On March 21, an article published in Washington High School’s newspaper, The Surveyor, split the Cedar Rapids community in two. “The Fight for LGBTQ Rights” by Sarah Altemeier and Quinn Wilcox centered around an open letter written by former Xavier High School student Landon Santel.
Santel transferred to Washington for his junior year after “facing social hostility” at Xavier, a Catholic private school, for being openly gay. In the letter, Santel describes Xavier theology teachers who bemoaned the legalization of same-sex marriage as “a tragedy to society”; the school’s policy banning same-sex couples from attending dances together; plays with sections whited out to eliminate gay characters; and other microaggressions against the lesbian, gay, bisexual, transgender and queer (LGBTQ) community.
While Xavier has made some concessions in the name of tolerance, the Cedar Rapids school struggles to balance Catholic doctrine with a culture of acceptance for LGBTQ students.
Tom Keating has been the principal of Xavier for 15 years. At the top of his agenda is safety, something he wanted to make known during his interview with me.
“It’s a fragile time in regards to where your life is going, and I don’t want to harm that,” Keating said, addressing the fact LGBTQ youth are almost five times more likely to attempt suicide than their heterosexual peers. “We can’t be in denial there are LGBTQ students at Xavier, but at the same time we can’t be in denial of what Catholic teaching says and our responsibility to the Catholic church as a Catholic school. That’s the challenge.”
Finding how to make teachers and students happy has been hard for Keating. In May 2016, a Xavier student, Mitchell Anderson, received the Matthew Shepard Scholarship from the Eychaner foundation, a local non-profit dedicated to encouraging tolerance and non-discrimination in the LGBTQ community.
“Student’s [sic] made comments like ‘I wish I could get a scholarship for being straight’ or ‘is this even allowed,’” Santel wrote in his letter.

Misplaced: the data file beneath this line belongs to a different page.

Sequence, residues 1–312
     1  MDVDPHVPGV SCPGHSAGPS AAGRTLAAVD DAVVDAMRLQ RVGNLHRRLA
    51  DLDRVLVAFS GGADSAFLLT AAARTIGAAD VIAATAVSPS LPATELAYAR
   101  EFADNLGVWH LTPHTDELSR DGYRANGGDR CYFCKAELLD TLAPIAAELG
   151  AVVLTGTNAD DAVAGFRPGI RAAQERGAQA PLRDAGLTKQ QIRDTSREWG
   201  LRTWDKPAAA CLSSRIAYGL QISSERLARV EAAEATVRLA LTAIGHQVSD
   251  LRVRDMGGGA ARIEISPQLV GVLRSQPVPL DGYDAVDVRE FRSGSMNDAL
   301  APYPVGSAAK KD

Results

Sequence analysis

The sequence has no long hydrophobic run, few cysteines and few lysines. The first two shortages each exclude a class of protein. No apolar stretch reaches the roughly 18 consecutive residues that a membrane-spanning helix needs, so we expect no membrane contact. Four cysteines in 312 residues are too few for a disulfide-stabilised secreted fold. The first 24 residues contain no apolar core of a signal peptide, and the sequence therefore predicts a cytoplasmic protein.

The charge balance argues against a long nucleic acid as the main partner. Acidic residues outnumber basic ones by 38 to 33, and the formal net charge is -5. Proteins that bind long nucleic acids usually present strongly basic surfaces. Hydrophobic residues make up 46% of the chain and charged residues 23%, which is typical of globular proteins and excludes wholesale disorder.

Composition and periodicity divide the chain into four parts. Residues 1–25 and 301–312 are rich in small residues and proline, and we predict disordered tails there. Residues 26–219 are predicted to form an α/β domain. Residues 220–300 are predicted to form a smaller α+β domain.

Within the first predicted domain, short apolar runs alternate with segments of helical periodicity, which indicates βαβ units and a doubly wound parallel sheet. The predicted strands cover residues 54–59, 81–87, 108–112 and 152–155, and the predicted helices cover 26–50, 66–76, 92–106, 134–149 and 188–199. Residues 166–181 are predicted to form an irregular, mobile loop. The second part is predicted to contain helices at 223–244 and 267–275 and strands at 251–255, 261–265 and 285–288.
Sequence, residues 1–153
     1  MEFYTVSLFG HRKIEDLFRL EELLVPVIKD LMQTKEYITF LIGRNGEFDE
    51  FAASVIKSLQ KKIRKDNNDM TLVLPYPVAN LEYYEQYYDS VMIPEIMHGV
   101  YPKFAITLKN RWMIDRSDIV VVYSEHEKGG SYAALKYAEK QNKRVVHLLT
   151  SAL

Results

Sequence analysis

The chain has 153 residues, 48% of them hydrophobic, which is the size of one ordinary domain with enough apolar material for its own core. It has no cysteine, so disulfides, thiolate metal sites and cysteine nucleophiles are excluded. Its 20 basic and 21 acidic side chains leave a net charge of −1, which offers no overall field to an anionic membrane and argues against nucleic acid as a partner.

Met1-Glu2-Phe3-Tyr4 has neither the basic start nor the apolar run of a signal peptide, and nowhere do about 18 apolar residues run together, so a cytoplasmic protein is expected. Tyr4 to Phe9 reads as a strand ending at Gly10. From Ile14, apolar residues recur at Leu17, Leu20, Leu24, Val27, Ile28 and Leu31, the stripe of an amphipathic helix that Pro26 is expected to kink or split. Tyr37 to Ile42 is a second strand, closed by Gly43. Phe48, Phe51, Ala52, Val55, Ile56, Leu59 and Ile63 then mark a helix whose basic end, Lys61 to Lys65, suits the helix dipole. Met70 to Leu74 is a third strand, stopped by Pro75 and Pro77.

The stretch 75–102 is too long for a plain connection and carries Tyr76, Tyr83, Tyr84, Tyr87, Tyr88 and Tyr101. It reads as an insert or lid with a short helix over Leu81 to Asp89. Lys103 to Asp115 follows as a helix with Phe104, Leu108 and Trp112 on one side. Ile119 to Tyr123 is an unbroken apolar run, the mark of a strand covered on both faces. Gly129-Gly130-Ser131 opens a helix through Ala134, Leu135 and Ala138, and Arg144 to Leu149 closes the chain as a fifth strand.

After Keating permitted the foundation to deliver the award at senior night, he said he experienced a wave of backlash from parents.
That same month, Liam Jameson, a senior at Dowling, a Catholic high school in West Des Moines, went unrecognized at his senior awards ceremony for receiving the Matthew Shepard scholarship. Jameson was honored by Eychaner for staging a student walk-out after an openly gay Dowling teacher was fired and removed as track coach. Jameson also fought to form an LGBTQ safe space and discussion group at Dowling, citing the fact 40 percent of LGBTQ youth attempt suicide. But his school’s policies would have prevented Eychaner from awarding the $40,000 scholarship.
“Failure to permit scholarship presentation at your school’s program will remove the applicant from consideration. This has always been the stance of the Matthew Shepard scholarship,” Santel explained to me. “Going to schools is a fundamental core of why they exist and speaking in the community is so important for them.”
In an open letter posted on the Eychaner Foundation’s page, Jameson spoke out against Dowling’s policies and praised “other Catholic Schools in Iowa” — presumably Xavier — for allowing the Shepard committee to give scholarships. Jameson received nearly 7,000 signers to his Change.org petition asking the Dowling president, principal and Des Moines area bishop to allow him to receive his scholarship, and won.